I thought the book started strongly, it was interesting to see the fake historical style, which I think worked well in the beginning, but less well as the story progressed and it was divulged from, falling aside completley when convineant. As the book went on I became more disappointed with it. I was wanting more insight about how and why the culture functioned, and some greater challenge to the system. In the end I felt disappointed by the lack of anything happening or changing.
It was only at the end when I was reading the “three lives” that I realised why I had a problem with this book. The most obvious thing to me was that there were no women included in the Castalian order. (And not only that but there were no women in the book at all, I think it wasn’t until 3/4s of the way through that a woman spoke and then it was to talk about how the point of her entire life was the life of her son!)
Not only were women not included, but it was not even mentioned that women might have an interest in things intellectual or academic. But there place was clearly not in this realm. When reading the three lives, even the world that was ruled by women still had men in the position of power and holder of all the knowledge. Needless to say I found this terribly dissapointing. To me this wasn’t the reflection on the Confucian system of ruling literati, rather this was simply the monks of the Catholic church being retold in a variety of ways. It wasn’t really about the pursuit of knowledge, but rather about the pursuit of spirituality.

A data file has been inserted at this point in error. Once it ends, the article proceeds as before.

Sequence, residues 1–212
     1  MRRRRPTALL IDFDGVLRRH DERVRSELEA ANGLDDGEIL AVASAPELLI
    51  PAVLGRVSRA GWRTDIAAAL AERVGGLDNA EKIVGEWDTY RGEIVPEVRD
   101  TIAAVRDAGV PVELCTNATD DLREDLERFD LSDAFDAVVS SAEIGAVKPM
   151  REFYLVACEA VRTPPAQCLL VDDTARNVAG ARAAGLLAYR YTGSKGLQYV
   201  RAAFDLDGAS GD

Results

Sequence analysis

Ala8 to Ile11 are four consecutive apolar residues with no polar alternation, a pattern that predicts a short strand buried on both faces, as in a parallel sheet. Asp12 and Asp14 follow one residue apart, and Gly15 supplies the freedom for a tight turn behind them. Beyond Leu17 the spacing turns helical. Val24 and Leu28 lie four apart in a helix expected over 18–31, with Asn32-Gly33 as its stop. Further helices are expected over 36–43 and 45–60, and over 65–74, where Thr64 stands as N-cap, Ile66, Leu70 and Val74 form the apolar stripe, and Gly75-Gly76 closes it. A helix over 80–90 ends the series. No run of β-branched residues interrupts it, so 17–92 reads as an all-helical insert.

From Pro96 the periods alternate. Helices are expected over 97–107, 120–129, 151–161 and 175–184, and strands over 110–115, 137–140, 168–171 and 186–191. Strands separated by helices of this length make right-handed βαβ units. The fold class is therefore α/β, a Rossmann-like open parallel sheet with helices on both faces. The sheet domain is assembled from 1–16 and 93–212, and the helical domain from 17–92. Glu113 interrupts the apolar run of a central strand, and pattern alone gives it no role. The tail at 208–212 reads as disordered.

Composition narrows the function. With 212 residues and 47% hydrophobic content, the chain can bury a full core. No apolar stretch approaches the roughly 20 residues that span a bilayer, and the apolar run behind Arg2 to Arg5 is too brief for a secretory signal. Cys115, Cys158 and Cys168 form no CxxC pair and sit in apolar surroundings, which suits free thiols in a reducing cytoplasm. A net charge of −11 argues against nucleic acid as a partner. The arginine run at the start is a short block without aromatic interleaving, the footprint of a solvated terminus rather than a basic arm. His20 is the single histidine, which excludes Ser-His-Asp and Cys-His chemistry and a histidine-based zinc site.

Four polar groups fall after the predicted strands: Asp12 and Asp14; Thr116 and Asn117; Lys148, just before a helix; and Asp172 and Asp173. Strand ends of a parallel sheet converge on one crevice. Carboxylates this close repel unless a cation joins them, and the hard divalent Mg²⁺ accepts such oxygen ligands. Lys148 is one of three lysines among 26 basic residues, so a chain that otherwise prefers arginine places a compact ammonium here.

While I can’t say this was a bad book, it was definitely not one for me. There was the potential for interesting insights, but in the end what was interesting to the author, and what was interesting to me were totally different things....Continua
This is my favourite book and this year I re-read it for the second time as a treat to myself. It is a book of magnitude, but readable, it is moving and human.